Bill and Dr. Wright went fishing every Wednesday.  Sometimes Dr. Wright would come in late in the evening when he finished up at his office and drink coffee and read magazines.  We had a section for magazines and B&B was one of the few places in Waldron where you could buy an album or a 45 single of the latest big hit.  Well, it might not be the absolute latest big hit; we had a guy who came around about every 6 weeks or so to update the albums and 45's.  I was always so excited to browse through the new records, and I often spent a good part of my $18 weekly paycheck on records!

When things were slow, I would spend a few minutes swatting flies up at the front of the store.  I would pull an ice cold Fresca out of the coke box, and drink it while I cut down on the fly population.  Those big windows were fun to look out of, because you could see everything that happened on Main Street.  One of my jobs was to wash those windows every week, and without fail I always got a little shock when I touched the neon sign as I cleaned the inside windows.  One day I was outside cleaning windows, and a total stranger came up to me and said that he always used old newspapers to clean windows, because it would get rid of the streaks.  I tried it and sure enough, the old newspapers made the windows gleam!

It took a while to get the hang of working the soda fountain.  We got coke syrup in large, gallon-sized cartons, and I filled the reservoir in the dispenser with syrup every day.  The dispenser mixed the syrup with carbonated water.  We had several varieties of bottled pop that we kept in the coke box at the end of the counter.  We also had a tap that dispensed carbonated water which we used to make sodas with cherry syrup.  We made milkshakes and malts, but our number one item was the nickel cup of coffee.  Bill surely must have lost money on coffee sales, but he kept the price at 5 cents a cup all the time I worked for him and many years after.  We had a lot of regular customers who came in at the same time each day for their cup of coffee.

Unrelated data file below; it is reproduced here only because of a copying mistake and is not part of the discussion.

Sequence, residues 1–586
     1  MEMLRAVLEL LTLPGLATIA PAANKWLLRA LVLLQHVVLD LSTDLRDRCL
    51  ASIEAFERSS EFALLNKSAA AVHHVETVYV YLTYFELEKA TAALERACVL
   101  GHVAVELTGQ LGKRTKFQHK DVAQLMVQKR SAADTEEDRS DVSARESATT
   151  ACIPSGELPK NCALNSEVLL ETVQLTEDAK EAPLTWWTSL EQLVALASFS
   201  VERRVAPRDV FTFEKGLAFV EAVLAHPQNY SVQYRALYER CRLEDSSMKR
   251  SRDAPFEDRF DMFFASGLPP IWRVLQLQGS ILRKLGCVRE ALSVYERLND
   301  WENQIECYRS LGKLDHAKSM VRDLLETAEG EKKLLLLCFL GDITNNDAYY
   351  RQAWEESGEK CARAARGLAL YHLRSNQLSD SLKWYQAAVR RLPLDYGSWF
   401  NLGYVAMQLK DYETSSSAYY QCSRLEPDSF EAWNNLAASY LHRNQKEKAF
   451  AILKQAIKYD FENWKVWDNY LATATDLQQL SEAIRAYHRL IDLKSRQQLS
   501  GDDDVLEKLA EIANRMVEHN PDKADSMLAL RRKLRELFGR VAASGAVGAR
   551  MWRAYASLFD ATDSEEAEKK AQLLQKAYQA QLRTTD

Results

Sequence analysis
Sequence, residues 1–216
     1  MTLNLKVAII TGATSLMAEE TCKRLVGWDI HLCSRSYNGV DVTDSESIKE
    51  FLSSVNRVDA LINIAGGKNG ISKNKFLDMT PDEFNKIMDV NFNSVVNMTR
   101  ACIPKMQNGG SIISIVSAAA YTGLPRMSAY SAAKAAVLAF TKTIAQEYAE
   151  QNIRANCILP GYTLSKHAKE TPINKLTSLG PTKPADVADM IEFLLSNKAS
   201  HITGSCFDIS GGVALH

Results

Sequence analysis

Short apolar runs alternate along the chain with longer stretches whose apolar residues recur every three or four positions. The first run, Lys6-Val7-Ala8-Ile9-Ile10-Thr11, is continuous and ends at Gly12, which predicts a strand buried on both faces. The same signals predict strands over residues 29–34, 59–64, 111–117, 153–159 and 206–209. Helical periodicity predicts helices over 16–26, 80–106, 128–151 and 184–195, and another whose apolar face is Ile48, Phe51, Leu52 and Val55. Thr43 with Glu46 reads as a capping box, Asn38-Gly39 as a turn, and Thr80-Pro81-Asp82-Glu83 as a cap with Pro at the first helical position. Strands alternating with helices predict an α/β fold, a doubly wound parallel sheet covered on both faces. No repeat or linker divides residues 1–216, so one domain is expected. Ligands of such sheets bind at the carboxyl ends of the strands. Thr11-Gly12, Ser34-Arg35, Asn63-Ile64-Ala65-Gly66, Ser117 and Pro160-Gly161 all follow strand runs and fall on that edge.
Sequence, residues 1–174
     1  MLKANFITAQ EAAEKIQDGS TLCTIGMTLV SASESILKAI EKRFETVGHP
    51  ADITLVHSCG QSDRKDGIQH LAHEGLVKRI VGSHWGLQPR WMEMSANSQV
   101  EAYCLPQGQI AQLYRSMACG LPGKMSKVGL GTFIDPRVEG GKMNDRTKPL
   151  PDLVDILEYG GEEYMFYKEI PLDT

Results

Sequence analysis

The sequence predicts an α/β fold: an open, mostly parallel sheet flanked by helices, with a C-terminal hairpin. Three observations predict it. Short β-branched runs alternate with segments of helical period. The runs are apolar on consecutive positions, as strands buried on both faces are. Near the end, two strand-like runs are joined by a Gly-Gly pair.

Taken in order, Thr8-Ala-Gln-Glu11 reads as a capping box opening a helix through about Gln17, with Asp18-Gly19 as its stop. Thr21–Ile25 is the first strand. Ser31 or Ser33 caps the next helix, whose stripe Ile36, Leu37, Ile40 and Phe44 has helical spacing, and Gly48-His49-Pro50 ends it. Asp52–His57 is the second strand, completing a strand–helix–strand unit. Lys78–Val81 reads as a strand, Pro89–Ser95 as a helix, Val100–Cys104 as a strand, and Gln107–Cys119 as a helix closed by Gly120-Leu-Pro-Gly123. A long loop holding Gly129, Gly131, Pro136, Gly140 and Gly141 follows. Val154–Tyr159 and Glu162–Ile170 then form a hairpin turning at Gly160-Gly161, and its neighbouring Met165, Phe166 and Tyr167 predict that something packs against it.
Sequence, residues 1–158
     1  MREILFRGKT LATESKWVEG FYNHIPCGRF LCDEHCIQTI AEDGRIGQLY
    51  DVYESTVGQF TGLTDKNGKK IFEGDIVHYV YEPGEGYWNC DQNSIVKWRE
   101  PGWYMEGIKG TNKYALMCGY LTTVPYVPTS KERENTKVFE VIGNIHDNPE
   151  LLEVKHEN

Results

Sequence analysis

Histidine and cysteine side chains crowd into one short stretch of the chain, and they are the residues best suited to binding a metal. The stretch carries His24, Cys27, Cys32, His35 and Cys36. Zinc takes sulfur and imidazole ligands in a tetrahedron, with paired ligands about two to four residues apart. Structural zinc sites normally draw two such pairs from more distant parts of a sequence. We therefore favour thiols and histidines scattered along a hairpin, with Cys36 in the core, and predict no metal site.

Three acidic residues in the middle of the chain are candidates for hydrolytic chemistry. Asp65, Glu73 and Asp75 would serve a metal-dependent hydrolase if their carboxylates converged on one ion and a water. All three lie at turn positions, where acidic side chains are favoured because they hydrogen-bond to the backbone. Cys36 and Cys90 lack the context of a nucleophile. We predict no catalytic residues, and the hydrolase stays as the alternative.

B&B was part of the Rexall chain of drug stores, so every spring we had a big Rexall sale.  It was exciting because we got lots of new merchandise that we had to find display space for.  In fact, it's amazing to think of the variety of products that were sold at that little store.  If you needed glycerin, salt petre, or cattle dewormer, B&B had you covered. 

When Bill would tally up the days proceeds each night, he would put the leftover loose change in a cigar box.  In the back storage room, shelves were lined with cigar boxes that all had loose change in them.  One day, Bill decided to have me count up the change and roll it, so to make it easier he borrowed a change counting and rolling machine from the city.  I had never seen anything like it before; it had a round "bowl" where you dumped the change, and then you turned a big crank that slung the coins against the side of the bowl, where they would fall into the slot that corresponded to their size.  It took about 3 days of working a few hours each day, but we ended up with over $700 in rolled coins.

Working at B&B was a great experience for me; I learned the importance of having a strong work ethic and being dependable.  I got to work with some great people:  Bill and his wife JoAnne, Virgie Montegue, Paige Bethel, Shirley Slaughterbeck, Gwinda Scott, Beverly Self, Vickie Owens, and Evelyn Thompson, among others.  A drug store with a fountain is a rare thing nowadays; and I'm pretty sure there aren't any nickel cups of coffee around anywhere.

Monday, May 9, 2011

The Mother of All Firecrackers